I’ve become convinced that the Favorite Poem Project is one of those Unqualified Goods that is worthy of a life’s work. The Project can take many different forms in a school setting, but as a community event it typically takes a very simple and effective form. Everyone who wishes to brings in a favorite poem, something not written by him or herself. People read their poems aloud and explain why it means something to them. Formal analysis is discouraged; the emphasis is on the personal. Of course in a school setting students will discuss, at some point, meter, method, and the different sonnet forms, but these ground rules have proved to be the most successful for community events.
At the schools where I taught, everyone got to know students, teachers and parents ridiculously well, but nevertheless, there’s a special insight and intimacy one gains from hearing someone read their favorite poem and explain what it means to them. I know I barely scratched the surface of what can be done with the Favorite Poem Project, but a few memories stand out. For a family weekend the April after I had attended the Poetry Institute, I asked students and parents to bring in their favorite poems. Students split up and met with other students’ parents to read and discuss their poems in small groups. I’ll never forget listening in on the animated discussion of a baby boomer parent with a student who read a selection from “Howl.” Earlier that school year, after 9/11/01, I handed out a copy of William Ernest Henley’s poem ”Invictus.” Two students from New York City really took to it, and I’ll always remember one of them reading it in front of the school and how she spoke that line, “My head is bloody, but unbowed.”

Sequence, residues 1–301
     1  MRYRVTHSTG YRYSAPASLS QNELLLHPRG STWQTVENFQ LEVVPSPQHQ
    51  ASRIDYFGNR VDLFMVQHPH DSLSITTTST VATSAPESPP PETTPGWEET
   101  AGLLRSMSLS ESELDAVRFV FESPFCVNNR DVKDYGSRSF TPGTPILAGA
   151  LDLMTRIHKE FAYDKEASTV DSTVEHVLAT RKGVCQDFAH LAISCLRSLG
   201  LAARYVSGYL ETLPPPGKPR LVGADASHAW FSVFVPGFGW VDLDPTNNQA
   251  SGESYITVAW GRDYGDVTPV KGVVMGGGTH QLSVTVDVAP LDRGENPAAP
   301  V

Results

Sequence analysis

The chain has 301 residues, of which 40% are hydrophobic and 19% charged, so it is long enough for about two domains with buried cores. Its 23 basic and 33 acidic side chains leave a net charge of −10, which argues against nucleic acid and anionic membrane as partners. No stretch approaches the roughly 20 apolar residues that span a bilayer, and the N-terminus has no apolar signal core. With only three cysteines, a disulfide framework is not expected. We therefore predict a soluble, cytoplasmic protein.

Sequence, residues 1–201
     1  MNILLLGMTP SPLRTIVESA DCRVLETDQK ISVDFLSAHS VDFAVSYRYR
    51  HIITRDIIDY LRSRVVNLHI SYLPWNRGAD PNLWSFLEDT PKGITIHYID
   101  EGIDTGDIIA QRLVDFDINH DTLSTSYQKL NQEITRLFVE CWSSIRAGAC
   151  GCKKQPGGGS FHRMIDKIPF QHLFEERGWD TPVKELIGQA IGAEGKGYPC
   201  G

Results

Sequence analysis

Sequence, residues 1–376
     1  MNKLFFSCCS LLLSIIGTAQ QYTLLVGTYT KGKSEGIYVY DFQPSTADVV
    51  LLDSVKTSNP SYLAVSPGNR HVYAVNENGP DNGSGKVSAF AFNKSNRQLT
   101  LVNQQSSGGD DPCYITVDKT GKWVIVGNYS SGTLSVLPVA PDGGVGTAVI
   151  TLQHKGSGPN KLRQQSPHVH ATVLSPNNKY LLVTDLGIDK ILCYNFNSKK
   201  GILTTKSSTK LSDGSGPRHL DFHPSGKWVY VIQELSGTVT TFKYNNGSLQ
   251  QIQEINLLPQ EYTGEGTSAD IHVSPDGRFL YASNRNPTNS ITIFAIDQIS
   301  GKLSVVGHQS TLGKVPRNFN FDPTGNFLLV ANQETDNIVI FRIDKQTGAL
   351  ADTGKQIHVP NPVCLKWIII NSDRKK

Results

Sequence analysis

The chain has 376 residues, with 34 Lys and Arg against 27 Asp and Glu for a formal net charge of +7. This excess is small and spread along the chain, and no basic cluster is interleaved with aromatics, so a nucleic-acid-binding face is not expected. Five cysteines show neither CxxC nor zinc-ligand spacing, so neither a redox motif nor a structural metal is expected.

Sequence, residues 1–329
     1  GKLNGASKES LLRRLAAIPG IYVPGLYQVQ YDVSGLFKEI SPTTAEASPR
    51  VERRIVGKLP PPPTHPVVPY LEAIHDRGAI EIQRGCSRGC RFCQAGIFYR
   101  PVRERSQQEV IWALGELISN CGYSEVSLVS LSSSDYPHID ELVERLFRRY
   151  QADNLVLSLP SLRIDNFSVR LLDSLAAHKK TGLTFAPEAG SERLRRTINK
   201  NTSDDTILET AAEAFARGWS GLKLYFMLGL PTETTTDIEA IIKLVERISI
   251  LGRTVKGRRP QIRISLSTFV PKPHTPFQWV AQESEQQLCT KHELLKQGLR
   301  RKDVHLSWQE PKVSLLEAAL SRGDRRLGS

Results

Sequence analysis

Studying a fine poem with a good poet or great teacher makes one appreciate its art and craft all the more. Still, as Robin Williams’ character John Keating says in Dead Poets Society, the reason many a poem was written was to “woo women.” Studying the craft is essential, but as with most human endeavor, it’s often best to start with the love. Otherwise, it’s easy to veer into the territory described in Billy Collins’ brilliant ”Introduction to Poetry”:
I ask them to take a poem
and hold it up to the light
like a color slide
or press an ear against its hive.
I say drop a mouse into a poem
and watch him probe his way out,
or walk inside the poem's room
and feel the walls for a light switch.
I want them to waterski
across the surface of a poem
waving at the author's name on the shore.
But all they want to do
is tie the poem to a chair with rope
and torture a confession out of it.
They begin beating it with a hose
to find out what it really means.
The Favorite Poem Project anthologies linked above, culled from thousands of submissions, really are superb. But I’ll end with links to two of my favorites poems, T.S. Eliot’s well-known ”Love Song of J. Alfred Prufrock” and Pablo Neruda’s lesser known ”Ode to My Socks.” Oh hell, since I mentioned Neruda, despite the fact that like “Socks” it’s a translation, let me throw in a third, and end with Neruda’s poem “Your Laughter”:
Take bread away from me, if you wish,
take air away, but
do not take from me your laughter.
Do not take away the rose,
the lance flower that you pluck,
the water that suddenly
bursts forth in joy,
the sudden wave
of silver born in you.
My struggle is harsh and I come back
with eyes tired
at times from having seen
the unchanging earth,
but when your laughter enters
it rises to the sky seeking me
and it opens for me all
the doors of life.
My love, in the darkest
hour your laughter
opens, and if suddenly
you see my blood staining
the stones of the street,
laugh, because your laughter
will be for my hands
like a fresh sword.
Next to the sea in the autumn,
your laughter must raise
its foamy cascade,
and in the spring, love,
I want your laughter like
the flower I was waiting for,
the blue flower, the rose
of my echoing country.
Laugh at the night,
at the day, at the moon,
laugh at the twisted
streets of the island,
laugh at this clumsy
boy who loves you,
but when I open
my eyes and close them,
when my steps go,
when my steps return,
deny me bread, air,
but never your laughter
for I would die.